Newspapers retain their readership despite rise in digital distractions

Mohsin Abbas displays the front pages of three newspapers he revived, including the Tilbury Times Reporter, on a computer. (The Milton Reporter/Shazia Nazir) Shazia Nazir, Local Journalism Initiative Reporter, The Milton Reporter

By Shazia Nazir, Local Journalism Initiative Reporter, The Milton Reporter

A new survey has found out that traditional news outlets are retaining their readers even in 2022 despite the presence of a host of other news mediums.

News Media Canada in association of Totum Research carried out a national readership survey in November 2021 about their weekly readership habits when it came to print and digital newspapers.

In one such survey in 2012, 85% of respondents had said they regularly read the newspaper. In 2022 weekly readership had edged up slightly to 86%.

An endless array of media options and digital distractions aside, readers are still choosing to turn to traditional news sources.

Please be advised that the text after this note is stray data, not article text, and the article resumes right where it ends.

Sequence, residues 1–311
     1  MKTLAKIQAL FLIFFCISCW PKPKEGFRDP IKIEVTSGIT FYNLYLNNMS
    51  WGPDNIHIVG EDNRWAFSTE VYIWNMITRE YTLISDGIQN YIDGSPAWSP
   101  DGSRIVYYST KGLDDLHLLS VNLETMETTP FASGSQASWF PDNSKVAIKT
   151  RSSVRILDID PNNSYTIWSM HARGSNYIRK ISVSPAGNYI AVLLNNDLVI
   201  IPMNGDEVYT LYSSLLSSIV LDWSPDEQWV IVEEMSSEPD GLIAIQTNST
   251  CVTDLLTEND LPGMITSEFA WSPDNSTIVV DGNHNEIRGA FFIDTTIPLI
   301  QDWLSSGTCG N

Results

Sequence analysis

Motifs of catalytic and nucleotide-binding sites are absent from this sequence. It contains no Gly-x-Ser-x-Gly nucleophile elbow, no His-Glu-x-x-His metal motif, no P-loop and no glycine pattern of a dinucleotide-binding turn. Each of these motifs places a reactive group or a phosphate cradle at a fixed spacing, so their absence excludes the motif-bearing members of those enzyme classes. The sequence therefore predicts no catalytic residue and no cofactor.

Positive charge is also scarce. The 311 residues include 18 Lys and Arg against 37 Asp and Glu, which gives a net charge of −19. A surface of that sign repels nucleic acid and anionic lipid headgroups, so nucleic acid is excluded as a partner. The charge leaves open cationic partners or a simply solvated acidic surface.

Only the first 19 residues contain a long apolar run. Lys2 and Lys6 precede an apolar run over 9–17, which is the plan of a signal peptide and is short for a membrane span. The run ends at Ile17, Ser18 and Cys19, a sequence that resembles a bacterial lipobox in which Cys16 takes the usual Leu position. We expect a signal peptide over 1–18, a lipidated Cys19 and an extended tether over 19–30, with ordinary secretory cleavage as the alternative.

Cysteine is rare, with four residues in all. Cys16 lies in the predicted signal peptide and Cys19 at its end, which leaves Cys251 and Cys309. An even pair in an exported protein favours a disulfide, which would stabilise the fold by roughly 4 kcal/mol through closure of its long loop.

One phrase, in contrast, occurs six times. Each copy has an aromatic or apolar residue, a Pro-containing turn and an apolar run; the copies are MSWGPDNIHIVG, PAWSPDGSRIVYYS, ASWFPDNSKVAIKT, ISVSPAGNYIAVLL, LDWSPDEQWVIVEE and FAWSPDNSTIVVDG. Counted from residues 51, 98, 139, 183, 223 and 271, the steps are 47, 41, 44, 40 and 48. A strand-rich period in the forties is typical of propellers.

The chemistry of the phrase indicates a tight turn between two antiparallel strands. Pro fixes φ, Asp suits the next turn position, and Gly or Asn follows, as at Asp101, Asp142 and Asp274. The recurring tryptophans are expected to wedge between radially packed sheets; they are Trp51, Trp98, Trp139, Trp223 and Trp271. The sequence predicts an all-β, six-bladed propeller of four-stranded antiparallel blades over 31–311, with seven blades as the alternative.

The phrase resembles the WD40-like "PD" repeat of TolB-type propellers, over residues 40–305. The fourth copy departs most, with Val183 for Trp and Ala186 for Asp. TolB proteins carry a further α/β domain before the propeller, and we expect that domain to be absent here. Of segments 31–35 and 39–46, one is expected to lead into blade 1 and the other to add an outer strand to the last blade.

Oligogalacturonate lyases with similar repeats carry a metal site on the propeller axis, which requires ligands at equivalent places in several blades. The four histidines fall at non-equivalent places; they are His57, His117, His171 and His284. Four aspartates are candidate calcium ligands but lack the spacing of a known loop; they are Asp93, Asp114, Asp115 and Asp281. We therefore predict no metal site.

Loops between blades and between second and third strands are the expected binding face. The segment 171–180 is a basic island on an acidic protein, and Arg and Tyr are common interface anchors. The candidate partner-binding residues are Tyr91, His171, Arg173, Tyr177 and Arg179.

Distribution method has, of course, changed. A big number of readers (46%) said they still preferred print, but most found themselves turning to digital (95%).

Some readers (25%) were found to be reading on all four platforms – phone, tablet, desktop and print (25%). The platform leading the digital charge is mobile. In 2022, 69% of readership was on their phone, up from just 38% in 2012.

The study found that readers still have a high level of trust in newspapers with 57% of respondents saying it was ‘completely’ or ‘somewhat’ trustworthy. In case of news websites, this metric stood at 54%.

Mohsin Abbas, a Milton-based publisher who has recently revived three newspapers in Southwestern Ontario, is surprised to see how many Canadian communities love their local newspapers and rely on these papers.

He said that while he had anticipated some readership, it was pleasant to see that many still relied on traditional papers, with some even choosing the hard copy.

Ross Brown, a Halton region journalist, strongly believes that the Canadian community newspaper culture will stay strong.

He attributes it to factual reporting and high editorial standards maintained by some newspapers that retain trust of readers.

When asked about their readership habit, Jim Andrew, a Milton resident said he would choose a traditional newspaper over TV any day.

‘With TV channels competing for ratings, objectivity and correctness can sometimes become a victim’, he said.

Michael Sicoli, another reader, said he chose traditional outlets because they provided whatever he needed to read in one place, saving him from distractions.

‘I currently read my newspaper in print, I might switch to digital completely in some time, but my choice of outlet would remain the same.’